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Experimental evolution of a metabolic pathway for ethylene glycol utilization by Escherichia coli.

By A Boronat, E Caballero and J Aguilar


Spontaneous mutants of Escherichia coli able to grow on ethylene glycol as a sole source of carbon and energy were obtained from mutants that could grow on propylene glycol. Attempts to obtain ethylene glycol-utilizing mutants from wild-type E. coli were unsuccessful. The two major characteristics of the ethylene glycol-utilizing mutants were (i) increased activities of propanediol oxidoreductase, an enzyme present in the parental strain (a propylene glycol-positive strain), which also converted ethylene glycol into glycolaldehyde; and (ii) constitutive synthesis of high activities of glycolaldehyde dehydrogenase, which converted glycolaldehyde to glycolate. Glycolate was metabolized via the glycolate pathway, which was present in the wild-type cells; this was indicated by the induction in ethylene glycol-grown cells of glycolate oxidase, the first enzyme in the pathway. Glycolaldehyde dehydrogenase was partially characterized as an enzyme of this new metabolic pathway in E. coli, and glycolate was identified as the product of the reaction. This enzyme used NAD and NADP as coenzymes, although the NADP-dependent activity was about 10 times lower than the NAD-dependent activity. Uptake of [14C]ethylene glycol was dependent on the presence of the enzymes capable of metabolism of ethylene glycol. Glycolaldehyde and glycolate were identified as intermediate metabolites in the pathway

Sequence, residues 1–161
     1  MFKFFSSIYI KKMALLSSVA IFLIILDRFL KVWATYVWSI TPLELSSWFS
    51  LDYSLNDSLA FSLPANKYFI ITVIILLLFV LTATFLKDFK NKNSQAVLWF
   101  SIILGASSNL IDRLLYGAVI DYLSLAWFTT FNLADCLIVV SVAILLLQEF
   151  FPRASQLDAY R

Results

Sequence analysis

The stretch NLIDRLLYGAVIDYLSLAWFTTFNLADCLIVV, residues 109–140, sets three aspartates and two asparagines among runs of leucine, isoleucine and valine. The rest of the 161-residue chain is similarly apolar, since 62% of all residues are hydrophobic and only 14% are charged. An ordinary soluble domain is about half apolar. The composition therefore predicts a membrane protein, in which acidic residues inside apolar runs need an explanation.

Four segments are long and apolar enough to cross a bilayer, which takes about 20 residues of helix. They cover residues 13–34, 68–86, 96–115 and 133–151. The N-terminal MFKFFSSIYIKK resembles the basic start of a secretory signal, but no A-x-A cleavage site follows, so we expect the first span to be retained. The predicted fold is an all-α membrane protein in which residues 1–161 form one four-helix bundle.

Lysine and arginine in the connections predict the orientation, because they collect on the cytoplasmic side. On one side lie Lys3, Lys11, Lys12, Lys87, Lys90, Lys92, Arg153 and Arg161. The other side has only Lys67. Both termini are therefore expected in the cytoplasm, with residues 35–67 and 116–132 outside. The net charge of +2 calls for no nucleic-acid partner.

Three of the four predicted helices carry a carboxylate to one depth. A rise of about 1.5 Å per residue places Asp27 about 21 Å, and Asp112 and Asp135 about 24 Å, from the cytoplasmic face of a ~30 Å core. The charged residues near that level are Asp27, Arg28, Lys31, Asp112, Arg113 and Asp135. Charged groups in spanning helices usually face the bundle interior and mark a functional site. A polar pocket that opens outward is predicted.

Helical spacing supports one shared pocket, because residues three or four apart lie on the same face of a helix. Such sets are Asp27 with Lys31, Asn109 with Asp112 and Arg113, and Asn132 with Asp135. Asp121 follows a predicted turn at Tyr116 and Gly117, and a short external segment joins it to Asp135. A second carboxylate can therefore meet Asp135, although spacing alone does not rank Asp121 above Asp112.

Topics: Research Article
Year: 1983
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Provided by: PubMed Central
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